MLB Spring Training Notes: Buddy Reed Starts Hot At Oakland A’s Camp

Buddy Reed has long been an exceptional defender in the outfield. It appears his bat may be starting to catch up.

Reed, 25, has been the talk of A’s camp with a sensational start to spring training. He threw out a runner at the plate with a perfect one-hopper from right field in the A’s spring opener and threw out another runner at third base from center field the following day.

But most significantly, Reed is impressing at the plate. He homered in consecutive games to start the week, including a go-ahead, opposite-field shot in the seventh inning against the Brewers on Tuesday.




“The other parts were ahead of his bat up to this point and maybe he’s made some adjustments where he’s doing some things a little differently,” A’s manager Bob Melvin said. “ … Maybe just developing a little bit later with the bat. We’ll see how it goes from here on in, but this is really an exciting time for him.”

Reed has been lauded for his defense since the Padres drafted him in the second round out of Florida in 2016. He showcased his elite defensive ability on a national stage at the Futures Game in 2018 and has 40 assists in four minor league seasons, including 18 assists in 2019 with Double-A Amarillo. After being traded to the A’s in the deal that sent Jurickson Profar to San Diego, he’s been ranked as the best defensive outfielder—and as having the best outfield arm—in Oakland’s farm system in both 2020 and 2021.

Reed’s offense, however, has lagged behind. He’s a career .249/.311/.399 hitter and has struck out in 30% of his Double-A plate appearances. A switch-hitter, he’s been slightly better batting righthanded but still has a career sub-.800 OPS from both sides of the plate.

Reed spent 2020 at the A’s alternate training site, where he made the offensive adjustments he credits for his early spring success.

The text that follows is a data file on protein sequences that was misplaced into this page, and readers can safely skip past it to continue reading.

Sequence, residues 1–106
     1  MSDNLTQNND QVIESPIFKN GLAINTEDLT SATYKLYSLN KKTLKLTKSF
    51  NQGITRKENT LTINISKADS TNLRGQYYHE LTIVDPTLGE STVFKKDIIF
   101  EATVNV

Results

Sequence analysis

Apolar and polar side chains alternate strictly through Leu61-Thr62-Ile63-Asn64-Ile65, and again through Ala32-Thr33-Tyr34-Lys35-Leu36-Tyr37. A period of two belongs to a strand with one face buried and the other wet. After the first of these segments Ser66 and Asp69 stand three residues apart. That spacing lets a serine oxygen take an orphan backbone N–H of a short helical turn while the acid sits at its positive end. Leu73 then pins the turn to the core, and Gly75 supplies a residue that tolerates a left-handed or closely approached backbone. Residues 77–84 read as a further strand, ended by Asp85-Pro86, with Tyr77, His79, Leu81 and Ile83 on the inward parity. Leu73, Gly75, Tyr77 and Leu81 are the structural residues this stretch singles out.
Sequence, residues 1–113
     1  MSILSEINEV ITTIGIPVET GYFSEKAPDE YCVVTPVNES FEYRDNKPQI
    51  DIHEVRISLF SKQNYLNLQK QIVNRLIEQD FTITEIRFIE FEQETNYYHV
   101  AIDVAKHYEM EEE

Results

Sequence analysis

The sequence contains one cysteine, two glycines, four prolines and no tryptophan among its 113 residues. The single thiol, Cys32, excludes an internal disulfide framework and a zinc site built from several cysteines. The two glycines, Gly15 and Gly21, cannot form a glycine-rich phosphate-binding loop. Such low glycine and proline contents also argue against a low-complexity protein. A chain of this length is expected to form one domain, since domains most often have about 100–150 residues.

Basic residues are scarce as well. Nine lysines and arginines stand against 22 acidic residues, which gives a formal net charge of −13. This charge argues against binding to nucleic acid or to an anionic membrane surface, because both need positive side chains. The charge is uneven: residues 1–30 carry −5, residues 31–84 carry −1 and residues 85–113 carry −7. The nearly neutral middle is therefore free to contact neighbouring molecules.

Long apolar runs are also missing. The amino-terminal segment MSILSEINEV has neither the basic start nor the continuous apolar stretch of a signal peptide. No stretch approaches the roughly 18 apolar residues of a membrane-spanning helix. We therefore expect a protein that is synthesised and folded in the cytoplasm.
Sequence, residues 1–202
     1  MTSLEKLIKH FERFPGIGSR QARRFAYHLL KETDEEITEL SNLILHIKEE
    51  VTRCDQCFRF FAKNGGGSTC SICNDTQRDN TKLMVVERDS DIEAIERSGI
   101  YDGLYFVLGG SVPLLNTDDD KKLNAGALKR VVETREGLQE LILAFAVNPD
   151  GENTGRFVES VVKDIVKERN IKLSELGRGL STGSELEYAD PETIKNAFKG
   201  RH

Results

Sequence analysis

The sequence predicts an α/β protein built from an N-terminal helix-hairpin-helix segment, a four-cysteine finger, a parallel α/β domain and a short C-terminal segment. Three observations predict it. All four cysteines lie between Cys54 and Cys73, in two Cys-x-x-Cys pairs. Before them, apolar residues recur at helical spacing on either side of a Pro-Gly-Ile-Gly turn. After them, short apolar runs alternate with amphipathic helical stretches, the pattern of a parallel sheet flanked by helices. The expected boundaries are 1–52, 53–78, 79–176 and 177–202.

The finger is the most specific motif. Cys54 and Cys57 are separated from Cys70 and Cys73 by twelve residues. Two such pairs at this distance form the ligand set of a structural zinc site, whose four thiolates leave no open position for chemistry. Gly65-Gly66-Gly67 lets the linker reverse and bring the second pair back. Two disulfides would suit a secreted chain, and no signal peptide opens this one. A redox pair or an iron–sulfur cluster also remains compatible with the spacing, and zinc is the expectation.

“For the longest time I’ve always had someone tell me ‘Hey it’s sort of got to be this way, that way in order to do things,’ ” Reed said after the A’s spring opener. “So I got in the box and a couple guys just helped me (with) being more loose, just being yourself, knowing who you are as a hitter… just all these little things can make a big difference.”

Melvin acknowledged how Reed has made the most of his opportunity. The A’s designated Dustin Fowler for assignment in late February, Rule 5 pick Ka’ai Tom has been sidelined by an oblique injury and Luis Barrera was late arriving to camp due to visa issues, opening up playing time for Reed in the outfield.

While it’s far too early to handicap Reed’s chances of making the Opening Day roster as a reserve outfielder, he’s certainly put himself on the radar.

“It’s all about performance,” Melvin said. “He is continuing to play well both offensively and defensively. I’m not gonna sit here and tell you that nobody has a chance to make this team no matter what they do.”






Alex Reyes stayed healthy and posted a 3.20 ERA in 15 appearances for the Cardinals last season, in addition to recording the save in their Game 1 win over the Padres in the National League Wild Card Series.

Reyes, 26, will likely be part of the Cardinals bullpen again in 2021, but the club hasn’t totally ruled out using him as a starter.

“He’s talented enough to be in a rotation,” Cardinals president of baseball operations John Mozeliak said last week. “But he’s gonna have to earn that spot. If he doesn’t, then (he’ll) be someone that you could see out of the bullpen.”

Reyes has pitched only 87 innings since 2016 due to assorted injuries. He missed all of 2017 following Tommy John surgery, suffered a season-ending lat strain in 2018 and had a season-ending pectoral strain in 2019.

Through his injuries, Reyes has still maintained the premium stuff that made him a five-time Top 100 prospect. His fastball averaged 97.5 mph last season and his slider and curveball both got whiff rates north of 45%.